It’s been a lot of driving in a short time, but we’re home from Far North Queensland.

Part of the purpose of the trip was to investigate a couple of sources of potential gifts for our friends in the West Indies.  We want to take something typically Australian with us when we go, but want to avoid clichés, tackiness and a bad case of the ‘what the hell do I do with this?’.  So we went to two outstanding sources of Australian excellence.

The first is Tolga Woodworks, which is a showroom, workshop and cafe all under one roof.  They exhibit the work of wood artists, make decorative household items, and sell wood billets and turning blanks for home woodworkers – all sorts of interesting and unusual timbers. I also need to give honourable mention to the café, where the coffee is outstanding and the GF chocolate hazelnut cake with chocolate ganache and cream had my absolutely undivided attention for a good 20 minutes…  For my friend and her husband we bought a beautiful small burl bloodwood box, the sort of thing in which you keep earrings if you’re female and business cards if you’re male, and a small chopping board made of 6 different woods fitted together in stripes. For ourselves, we bought two tiny square wooden bowls for sea salt and coarse ground pepper, each with its own tiny scoop/ spoon. One is dark wood, for pepper, and the other is light, for salt.

Wooden gifts. What wonderful grain on that box.

Wooden gifts. What wonderful grain on that box.

A close up of the chopping board, and the card that comes with it, detailing the woods used.

A close up of the chopping board,
and the card that comes with it,
detailing the woods used.

iridium,Mount Uncle's dark rum. How nice is that bottle?

Mount Uncle’s
dark rum.
How nice is that bottle?

The second stop was Mount Uncle Distillery. This is a wonderful place, very tranquil and beautiful, surrounded by banana plantations, huge old trees, lush tropical gardens, and the most outstanding café/cellar door for tasting the product. They’ve won gold, silver and bronze medals for their rum, gin and liqueurs, and we wanted to see if any of the rum was good enough to take to Barbados, the earliest home of the golden drop. Sampling was of course mandatory… The Iridium dark rum was sensationally good, tasting and smelling of sunshine, smooth on the palate and developing flavours without harshness or bite.  They’ve got beautiful bottles too, worth keeping once the contents have gone. They’re screenprinted with tropical vegetation at the top and reef fish and coral at the bottom, to represent the flora and fauna of FNQ. Carrying rum to Barbados is a bit like selling snow to Eskimos, but I want to redeem our national reputation. She tried some Bundaberg rum, and used language…. She’s right. It IS like paint stripper. So finding the good stuff was important!

What I can’t adequately communicate in a blog is how divine both of these purchases SMELL! The woods are aromatic and mellow and spicy – and so’s the rum. One smells of warmth, woodshavings and teak oil. The other smells of vanilla and sunshine. C’mon, WordPress, we need a button for aroma.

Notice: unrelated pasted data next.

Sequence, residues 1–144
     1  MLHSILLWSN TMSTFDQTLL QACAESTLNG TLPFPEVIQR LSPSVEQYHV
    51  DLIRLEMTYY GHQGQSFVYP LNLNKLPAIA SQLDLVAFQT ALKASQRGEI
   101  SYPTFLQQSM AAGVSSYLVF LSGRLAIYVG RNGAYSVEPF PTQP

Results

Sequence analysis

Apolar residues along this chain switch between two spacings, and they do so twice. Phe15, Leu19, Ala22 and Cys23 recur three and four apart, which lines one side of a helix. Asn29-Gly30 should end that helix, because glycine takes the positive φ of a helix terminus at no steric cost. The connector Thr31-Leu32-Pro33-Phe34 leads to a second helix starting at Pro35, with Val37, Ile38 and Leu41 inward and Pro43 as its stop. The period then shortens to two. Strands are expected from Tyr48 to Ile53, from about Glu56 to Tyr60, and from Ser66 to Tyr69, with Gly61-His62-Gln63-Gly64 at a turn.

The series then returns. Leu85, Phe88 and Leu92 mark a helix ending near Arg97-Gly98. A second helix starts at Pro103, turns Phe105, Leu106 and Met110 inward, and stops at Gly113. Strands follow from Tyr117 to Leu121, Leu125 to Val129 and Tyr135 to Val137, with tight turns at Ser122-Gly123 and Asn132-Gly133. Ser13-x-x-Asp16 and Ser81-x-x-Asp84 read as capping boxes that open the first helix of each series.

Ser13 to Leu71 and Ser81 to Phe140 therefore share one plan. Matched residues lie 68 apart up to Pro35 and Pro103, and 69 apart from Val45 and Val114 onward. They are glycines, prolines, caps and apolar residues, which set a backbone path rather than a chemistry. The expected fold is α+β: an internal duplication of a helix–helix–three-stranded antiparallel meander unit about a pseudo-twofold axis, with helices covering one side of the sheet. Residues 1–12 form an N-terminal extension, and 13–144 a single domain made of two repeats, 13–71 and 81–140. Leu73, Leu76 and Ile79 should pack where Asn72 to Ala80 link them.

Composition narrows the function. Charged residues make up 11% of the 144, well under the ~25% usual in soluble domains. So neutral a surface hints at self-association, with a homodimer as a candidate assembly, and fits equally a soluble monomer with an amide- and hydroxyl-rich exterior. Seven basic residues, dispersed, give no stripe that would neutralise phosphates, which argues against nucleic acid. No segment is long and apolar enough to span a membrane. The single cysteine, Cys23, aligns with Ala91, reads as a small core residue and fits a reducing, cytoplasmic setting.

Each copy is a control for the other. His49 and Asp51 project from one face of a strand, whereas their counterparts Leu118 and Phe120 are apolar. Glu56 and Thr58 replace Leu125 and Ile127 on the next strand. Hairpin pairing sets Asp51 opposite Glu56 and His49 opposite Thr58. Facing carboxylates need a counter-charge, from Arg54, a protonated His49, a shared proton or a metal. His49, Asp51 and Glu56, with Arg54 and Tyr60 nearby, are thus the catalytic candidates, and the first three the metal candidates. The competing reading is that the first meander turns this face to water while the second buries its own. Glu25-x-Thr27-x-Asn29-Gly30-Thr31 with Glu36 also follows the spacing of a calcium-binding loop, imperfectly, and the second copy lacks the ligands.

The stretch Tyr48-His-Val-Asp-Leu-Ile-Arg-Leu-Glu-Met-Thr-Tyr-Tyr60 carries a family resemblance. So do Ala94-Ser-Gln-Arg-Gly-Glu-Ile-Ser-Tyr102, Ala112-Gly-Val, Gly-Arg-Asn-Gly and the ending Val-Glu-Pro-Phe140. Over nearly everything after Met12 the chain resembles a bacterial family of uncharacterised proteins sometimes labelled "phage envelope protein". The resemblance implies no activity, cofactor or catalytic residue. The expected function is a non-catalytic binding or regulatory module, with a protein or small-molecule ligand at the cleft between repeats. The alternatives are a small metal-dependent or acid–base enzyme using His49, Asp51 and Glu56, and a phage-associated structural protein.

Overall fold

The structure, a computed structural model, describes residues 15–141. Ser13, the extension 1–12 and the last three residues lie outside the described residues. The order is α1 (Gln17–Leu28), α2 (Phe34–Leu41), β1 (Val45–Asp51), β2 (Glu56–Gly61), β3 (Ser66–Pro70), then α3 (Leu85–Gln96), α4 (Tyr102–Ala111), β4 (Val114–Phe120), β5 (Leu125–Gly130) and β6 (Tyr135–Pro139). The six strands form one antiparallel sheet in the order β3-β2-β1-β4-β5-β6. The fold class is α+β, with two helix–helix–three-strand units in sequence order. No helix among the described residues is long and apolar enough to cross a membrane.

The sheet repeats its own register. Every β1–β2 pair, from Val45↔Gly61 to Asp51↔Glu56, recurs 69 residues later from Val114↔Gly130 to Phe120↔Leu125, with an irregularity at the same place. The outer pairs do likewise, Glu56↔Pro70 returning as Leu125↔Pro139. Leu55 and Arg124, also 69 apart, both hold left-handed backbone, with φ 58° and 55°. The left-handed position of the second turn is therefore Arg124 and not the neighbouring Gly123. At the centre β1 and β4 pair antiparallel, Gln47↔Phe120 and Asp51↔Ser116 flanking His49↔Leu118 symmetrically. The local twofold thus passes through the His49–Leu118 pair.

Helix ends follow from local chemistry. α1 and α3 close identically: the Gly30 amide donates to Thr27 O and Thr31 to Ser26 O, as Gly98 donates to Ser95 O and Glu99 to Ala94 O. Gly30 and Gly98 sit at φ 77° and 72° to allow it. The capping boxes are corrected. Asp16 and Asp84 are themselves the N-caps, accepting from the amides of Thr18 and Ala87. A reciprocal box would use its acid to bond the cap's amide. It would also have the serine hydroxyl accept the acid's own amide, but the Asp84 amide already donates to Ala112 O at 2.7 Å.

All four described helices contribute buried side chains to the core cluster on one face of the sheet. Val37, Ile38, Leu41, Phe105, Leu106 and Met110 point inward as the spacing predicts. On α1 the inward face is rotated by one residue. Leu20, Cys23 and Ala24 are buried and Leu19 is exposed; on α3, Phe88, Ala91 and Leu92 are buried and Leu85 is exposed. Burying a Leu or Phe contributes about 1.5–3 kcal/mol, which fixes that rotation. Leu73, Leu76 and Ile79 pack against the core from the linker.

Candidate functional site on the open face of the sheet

More soon. I’ll be back on the sewing kick now our trip’s over. The Tree of Life beckons…


14 thoughts on “Loot!

  1. Anlina says:

    Love the cutting board, beautiful! Box is nice too 🙂

  2. Lynda says:

    Beautiful treasures, Kate!

  3. wombatquilts says:

    Oh I love the rum…I miss Bundy Rum SOOO much.

    • katechiconi says:

      If you think Bundy’s good, you’ll think you’ve died and gone to heaven if you taste this stuff. I was trained on Barbados rum, and taught to drink it either neat over ice or with a dash of water, so I became a real connoisseur of flavour. I have to say, I can’t drink Bundy, except perhaps as a last resort, with Coke.

  4. Jen Gardener says:

    LOVE that chopping board! It’s beautiful! Love woodwork shops in general. We’ve got a furniture shop nearby with proper furniture made out of proper wood and I often go it there and just drool. Tasmanian blackwood’s my fave at the moment. Ah, one day.. For now, it’s hand-me-downs and Ikea.

    • katechiconi says:

      I’m very fortunate in that respect. My brother in law is a cabinet maker, and if there’s something I particularly want, I design it, choose the timber with him, and he’ll make it for me for mate’s rates. There’s also a beautiful wood gallery in Bellingen, NSW, near where my sister lives, and they have some gorgeous stuff too. So many lovely things, so little time…

  5. defensordelaverdad says:

    Reblogged this on Fabián.

  6. tialys says:

    What beautiful and thoughtful gifts – I’m sure your friends are going to love them. Rum to Barbados? In a similar vein I gave some English cheeses to a French friend for Christmas in the hope of disabusing her of the notion that only the French can ‘do’ cheese.

  7. Nanette says:

    Love that rum bottle. I have a chopping board my son gave me, made from all camphor wood……you’re so right, the smell is divine. I leave it out on the benchtop so I can run my hands over it and catch little wafts of camphory scent. I’m sure your friends will love those gifts, not tacky at all.

    • katechiconi says:

      You’d have loved the wood store, where they keep the unworked billets and turning blanks! They had a small stock of rosewood, now quite rare and expensive, but oh, the smell!

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